The Hoary Sunray is a low tufted to mounding perennial straw daisy. It grows to 15 cm tall and flowers in spring and summer. After flowering it dries out to rootstock. The flowerheads are 2-5 cm in diameter and surrounded by numerous white overlapping ovate-oblong bracts, with the outer layer often tinged purple or brown.
Hoary Sunray |
Leucochrysum albicans subsp. tricolor
Status: Endangered on the EPBC Act list
Government evidence of impact of climate change:
Australian Government, Conservation Advice, Leucochrysum albicans subsp. tricolor
Climate Change Increasing frequency and Status current Climate projections for south eastern intensity of drought Confidence suspected Australia include increasing frequency and intensity of drought Consequence moderate (CSIRO Bureau of Meteorology Trend increasing 2015).
Climate Change Identify and protect current and future habitat likely to remain or become suitable for Hoary Sunray under future climate conditions.
The predicted frequency and severity of climate change driven drought events is expected to increase in the region (CSIRO Bureau of Meteorology 2015).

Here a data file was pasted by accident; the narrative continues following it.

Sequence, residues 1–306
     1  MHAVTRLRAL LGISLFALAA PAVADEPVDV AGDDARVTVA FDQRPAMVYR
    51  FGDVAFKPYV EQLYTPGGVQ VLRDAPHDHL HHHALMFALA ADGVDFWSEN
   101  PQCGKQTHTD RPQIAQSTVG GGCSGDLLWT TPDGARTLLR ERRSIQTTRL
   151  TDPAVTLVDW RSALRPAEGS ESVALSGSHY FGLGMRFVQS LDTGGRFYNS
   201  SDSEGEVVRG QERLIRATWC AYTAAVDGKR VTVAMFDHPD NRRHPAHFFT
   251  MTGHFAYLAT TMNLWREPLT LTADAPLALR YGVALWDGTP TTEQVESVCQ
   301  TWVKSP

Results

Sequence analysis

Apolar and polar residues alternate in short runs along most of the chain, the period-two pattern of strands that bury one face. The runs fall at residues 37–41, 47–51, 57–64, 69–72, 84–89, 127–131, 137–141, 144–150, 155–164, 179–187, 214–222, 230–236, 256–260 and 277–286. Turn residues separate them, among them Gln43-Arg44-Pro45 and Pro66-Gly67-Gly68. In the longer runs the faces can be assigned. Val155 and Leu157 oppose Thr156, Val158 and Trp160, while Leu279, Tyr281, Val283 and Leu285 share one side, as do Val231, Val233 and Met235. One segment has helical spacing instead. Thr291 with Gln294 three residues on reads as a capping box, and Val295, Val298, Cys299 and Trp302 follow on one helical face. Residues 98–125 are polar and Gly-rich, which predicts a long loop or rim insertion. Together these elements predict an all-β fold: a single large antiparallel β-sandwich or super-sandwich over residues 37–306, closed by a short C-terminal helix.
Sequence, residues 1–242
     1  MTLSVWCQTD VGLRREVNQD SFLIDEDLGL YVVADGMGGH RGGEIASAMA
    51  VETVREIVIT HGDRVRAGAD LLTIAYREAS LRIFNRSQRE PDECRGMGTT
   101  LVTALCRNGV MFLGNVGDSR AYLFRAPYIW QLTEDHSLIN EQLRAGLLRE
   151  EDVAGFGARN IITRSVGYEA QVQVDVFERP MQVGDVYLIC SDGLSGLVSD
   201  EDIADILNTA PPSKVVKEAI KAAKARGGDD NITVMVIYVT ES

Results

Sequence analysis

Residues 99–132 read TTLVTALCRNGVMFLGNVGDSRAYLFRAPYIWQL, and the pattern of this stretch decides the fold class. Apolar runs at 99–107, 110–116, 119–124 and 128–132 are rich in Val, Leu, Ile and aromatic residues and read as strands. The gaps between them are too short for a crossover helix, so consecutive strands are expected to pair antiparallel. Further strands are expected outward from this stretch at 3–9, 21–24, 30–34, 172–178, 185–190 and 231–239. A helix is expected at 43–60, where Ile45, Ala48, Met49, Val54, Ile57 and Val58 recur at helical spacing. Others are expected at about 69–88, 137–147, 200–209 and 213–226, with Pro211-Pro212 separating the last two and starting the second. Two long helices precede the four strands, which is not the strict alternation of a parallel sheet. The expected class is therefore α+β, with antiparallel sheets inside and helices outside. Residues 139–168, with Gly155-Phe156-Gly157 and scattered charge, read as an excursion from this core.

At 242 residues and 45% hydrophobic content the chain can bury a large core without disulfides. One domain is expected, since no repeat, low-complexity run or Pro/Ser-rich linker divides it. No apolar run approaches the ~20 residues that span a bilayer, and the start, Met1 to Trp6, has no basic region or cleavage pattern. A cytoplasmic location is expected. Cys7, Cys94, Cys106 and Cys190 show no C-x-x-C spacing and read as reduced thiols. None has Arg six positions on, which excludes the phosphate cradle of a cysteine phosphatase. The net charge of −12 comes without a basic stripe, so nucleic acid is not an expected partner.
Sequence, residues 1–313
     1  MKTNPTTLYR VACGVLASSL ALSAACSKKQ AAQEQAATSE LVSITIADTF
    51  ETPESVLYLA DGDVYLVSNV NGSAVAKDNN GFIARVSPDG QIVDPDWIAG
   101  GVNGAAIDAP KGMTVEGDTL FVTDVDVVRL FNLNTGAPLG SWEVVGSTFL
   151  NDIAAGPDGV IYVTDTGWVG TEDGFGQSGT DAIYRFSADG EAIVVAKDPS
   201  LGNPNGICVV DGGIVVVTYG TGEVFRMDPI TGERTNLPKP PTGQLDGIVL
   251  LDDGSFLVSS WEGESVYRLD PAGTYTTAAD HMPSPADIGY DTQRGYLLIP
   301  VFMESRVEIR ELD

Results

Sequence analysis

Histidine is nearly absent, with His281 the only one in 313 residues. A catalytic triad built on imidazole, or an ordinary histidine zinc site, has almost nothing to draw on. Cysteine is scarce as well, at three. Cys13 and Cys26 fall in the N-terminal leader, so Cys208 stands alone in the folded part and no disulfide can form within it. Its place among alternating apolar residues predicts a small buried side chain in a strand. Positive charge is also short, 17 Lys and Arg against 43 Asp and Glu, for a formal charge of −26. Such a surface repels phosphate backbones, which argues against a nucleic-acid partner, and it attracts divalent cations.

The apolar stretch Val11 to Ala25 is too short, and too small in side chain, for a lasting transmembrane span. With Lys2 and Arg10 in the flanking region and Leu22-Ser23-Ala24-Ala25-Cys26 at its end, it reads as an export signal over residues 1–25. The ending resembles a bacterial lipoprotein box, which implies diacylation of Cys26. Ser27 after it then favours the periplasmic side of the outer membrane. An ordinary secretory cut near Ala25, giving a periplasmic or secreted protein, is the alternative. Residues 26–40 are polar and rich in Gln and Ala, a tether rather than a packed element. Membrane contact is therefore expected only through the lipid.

Burning of roadsides in Vic is often undertaken by local farmers through the Country Fire Authority and has become increasingly difficult to organise (SAC 2021 pers comm 23 June).
Timing of fire is likely important; and Hoary Sunray could be negatively impacted by fire during its germination and growing season in winter and spring (DELWP 2015).
Threats The major threats to Hoary Sunray are clearing of native grasslands (land use change) on private land; a lack of biomass reduction (e.g. burning; light grazing) in productive grassland habitat in Victoria and Tasmania; road maintenance works damaging roadside subpopulations; weed invasion; drought and genetic risks associated with small; fragmented subpopulations (Table 1).